Lost and found amidst the bookshelves
It is easy to get lost inside a library as any avid reader would tell you. But in Idaho, this phrase has been given new meaning. Someone has been hiding anti-Trump literature as well as books on LGBTQ issues, gun control and women’s suffrage, tucking some of them away behind books already lined up on the shelves or cruelly refiling them as fiction instead of non-fiction. Although the line separating fiction and non-fiction is slim in the post-truth world, anyone who frequents a library knows that it can be a rabbit hole if it were not for meticulous cataloguing and omniscient librarians.
Philistine though the supporter of the American president might be, he is not the first one to have found the perfect hiding spot inside a library. Besides shy bookworms, libraries have hidden many a secret. As if the shelves themselves were not cover enough, the New York Public Library has a secret room which “serves as a workspace to a rotating group of authors... The door is locked at all times, and access is restricted to those who have book contracts, a photocopy of which must accompany requests for a key card.”
Then there are the matters of the heart, of course. Love letters are among the things that librarians routinely discover amidst books, especially unfinished ones secreted inside the pages of The Complete Works of William Shakespeare. But there are also matters of the body: Playboy magazines and centre-spreads of The Sun are known to have been discovered inside the pages of returned books, not to mention within the Encyclopaedia Britannica.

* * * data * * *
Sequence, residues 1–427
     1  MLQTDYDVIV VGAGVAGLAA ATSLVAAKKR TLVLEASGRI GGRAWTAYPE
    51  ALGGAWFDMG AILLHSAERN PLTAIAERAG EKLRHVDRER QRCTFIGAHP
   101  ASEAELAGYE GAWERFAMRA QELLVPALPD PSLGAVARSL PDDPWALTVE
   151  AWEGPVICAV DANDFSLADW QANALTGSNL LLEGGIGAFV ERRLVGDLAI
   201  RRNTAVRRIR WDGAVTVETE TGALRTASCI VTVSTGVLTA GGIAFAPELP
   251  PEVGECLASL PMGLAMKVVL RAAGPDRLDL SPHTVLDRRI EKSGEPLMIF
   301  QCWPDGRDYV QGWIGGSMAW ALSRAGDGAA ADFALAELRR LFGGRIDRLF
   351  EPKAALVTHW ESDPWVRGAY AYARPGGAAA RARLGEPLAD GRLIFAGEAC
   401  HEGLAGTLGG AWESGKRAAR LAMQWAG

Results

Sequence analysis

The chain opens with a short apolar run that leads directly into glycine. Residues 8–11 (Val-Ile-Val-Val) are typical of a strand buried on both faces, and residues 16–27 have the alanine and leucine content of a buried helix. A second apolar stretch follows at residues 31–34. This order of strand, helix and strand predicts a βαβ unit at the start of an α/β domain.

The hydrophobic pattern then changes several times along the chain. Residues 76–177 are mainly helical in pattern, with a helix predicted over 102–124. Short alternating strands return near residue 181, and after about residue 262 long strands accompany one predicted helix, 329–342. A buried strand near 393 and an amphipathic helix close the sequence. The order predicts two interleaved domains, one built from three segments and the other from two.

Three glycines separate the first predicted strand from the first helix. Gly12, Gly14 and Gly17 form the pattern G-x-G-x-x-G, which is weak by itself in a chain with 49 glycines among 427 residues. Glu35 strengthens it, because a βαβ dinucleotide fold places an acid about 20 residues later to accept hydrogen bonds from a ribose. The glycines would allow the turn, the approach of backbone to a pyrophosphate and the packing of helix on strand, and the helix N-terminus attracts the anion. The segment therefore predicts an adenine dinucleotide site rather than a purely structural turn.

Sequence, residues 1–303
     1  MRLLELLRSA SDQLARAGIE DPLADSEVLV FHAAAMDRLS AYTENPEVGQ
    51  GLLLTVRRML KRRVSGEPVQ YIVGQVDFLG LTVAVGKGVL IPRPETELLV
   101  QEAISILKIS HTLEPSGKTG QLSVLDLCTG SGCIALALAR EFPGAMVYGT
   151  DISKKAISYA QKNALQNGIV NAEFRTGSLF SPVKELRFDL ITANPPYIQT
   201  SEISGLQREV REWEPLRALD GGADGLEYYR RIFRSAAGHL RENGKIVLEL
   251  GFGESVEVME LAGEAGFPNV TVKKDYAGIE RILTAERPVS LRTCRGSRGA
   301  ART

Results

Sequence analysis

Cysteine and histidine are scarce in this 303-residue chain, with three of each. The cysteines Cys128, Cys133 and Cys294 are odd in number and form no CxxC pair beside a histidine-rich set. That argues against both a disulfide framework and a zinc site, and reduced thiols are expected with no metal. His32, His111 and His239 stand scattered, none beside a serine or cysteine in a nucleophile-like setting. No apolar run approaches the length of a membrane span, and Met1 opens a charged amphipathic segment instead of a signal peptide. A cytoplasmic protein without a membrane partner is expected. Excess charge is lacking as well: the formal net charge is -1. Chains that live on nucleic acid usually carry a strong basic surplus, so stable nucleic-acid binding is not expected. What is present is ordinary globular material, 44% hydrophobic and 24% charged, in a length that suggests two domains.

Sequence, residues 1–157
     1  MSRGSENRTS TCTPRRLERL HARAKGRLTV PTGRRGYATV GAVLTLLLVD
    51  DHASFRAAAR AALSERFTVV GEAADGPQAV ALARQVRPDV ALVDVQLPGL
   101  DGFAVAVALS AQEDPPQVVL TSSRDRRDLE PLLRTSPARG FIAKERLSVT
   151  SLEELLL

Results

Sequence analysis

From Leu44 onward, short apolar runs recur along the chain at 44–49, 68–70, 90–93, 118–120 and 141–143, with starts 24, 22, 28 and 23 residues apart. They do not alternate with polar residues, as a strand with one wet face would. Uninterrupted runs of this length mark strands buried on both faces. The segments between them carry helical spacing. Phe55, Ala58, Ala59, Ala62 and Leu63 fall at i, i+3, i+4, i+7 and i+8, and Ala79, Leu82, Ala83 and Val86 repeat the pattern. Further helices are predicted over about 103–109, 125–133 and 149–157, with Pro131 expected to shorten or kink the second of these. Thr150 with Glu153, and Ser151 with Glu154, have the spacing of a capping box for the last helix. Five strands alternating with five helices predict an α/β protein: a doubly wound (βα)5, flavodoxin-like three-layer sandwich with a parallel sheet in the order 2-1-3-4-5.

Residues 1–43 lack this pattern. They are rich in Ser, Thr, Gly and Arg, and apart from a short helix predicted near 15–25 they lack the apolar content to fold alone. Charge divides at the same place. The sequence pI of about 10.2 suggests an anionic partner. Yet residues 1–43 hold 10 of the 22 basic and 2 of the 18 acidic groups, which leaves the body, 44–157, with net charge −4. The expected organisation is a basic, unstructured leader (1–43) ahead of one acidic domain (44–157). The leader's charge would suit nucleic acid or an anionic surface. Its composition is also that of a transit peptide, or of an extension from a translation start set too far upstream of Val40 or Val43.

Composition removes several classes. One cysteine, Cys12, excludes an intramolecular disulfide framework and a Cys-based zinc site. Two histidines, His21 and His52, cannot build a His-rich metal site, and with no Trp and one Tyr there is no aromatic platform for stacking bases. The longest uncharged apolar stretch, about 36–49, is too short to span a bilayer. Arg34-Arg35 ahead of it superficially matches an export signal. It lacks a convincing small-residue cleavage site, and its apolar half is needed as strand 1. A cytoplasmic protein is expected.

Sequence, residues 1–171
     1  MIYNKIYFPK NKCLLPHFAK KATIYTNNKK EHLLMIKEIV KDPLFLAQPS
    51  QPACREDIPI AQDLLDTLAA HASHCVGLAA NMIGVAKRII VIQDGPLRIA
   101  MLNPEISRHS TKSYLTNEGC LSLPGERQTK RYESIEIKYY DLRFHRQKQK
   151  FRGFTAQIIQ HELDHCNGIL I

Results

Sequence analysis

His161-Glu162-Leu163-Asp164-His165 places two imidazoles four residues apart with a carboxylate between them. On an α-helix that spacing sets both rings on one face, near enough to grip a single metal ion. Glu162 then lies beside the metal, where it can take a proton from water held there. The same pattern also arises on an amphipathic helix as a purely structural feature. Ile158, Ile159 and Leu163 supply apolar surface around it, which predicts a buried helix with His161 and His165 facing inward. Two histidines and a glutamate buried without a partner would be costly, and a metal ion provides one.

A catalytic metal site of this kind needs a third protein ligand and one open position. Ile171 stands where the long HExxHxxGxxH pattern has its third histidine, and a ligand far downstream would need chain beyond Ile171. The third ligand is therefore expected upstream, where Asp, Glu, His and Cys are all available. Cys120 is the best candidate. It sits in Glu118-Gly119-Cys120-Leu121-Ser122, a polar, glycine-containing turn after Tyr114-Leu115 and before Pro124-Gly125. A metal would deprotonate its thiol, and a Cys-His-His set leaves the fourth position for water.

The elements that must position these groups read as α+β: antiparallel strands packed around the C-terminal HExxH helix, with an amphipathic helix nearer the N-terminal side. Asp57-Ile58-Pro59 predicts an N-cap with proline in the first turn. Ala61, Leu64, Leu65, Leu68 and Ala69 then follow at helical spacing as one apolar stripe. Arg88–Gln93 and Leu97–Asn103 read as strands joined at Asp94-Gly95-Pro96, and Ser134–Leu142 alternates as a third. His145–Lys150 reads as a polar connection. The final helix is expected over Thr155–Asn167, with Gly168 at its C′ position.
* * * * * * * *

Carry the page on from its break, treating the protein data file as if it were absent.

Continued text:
There are also sombre, more critical secrets that have been kept by libraries and their primary residents. Take, for instance, the case of Shabiba, a youth organization fighting against the occupation of the Gaza Strip. One of its leading members, Tawfik Abu Khousa, worked at a lending library, which provided the perfect front to send and receive messages hidden inside books.
Ironically, books, too, can be secreted within the library. The Vatican’s secret archives have gone down in legends for housing classified books and scriptures dating back thousands of years, including the original acts of the 1633 trial of the astronomer Galileo by the Roman Inquisition. But the proverbial needle in the haystack when it comes to libraries are anonymous books. At one point in the history of literature, anonymous and pseudonymous texts were common, even predominant. There is no universally accepted code when it comes to filing these books. They are often shelved according to genre, category and topic. But even on the rare occasion when these are stored together as a category unto itself, the shelves of anonymous books hide treasures that only the indefatigable can unearth. What they also conceal are dreams and aspirations — say of women who dared to pick up the quill when writing was considered the man’s domain — controversial political arguments, mistakes of the past that authors wish to separate from their present writing and so on.
But never underestimate the power of a tenacious bibliophile who spends more time in a library than outside it. Truth will always emerge and all secrets hidden in the library are thus bound to be discovered. That is a secret that Mr Trump’s supporter does not seem to be privy to.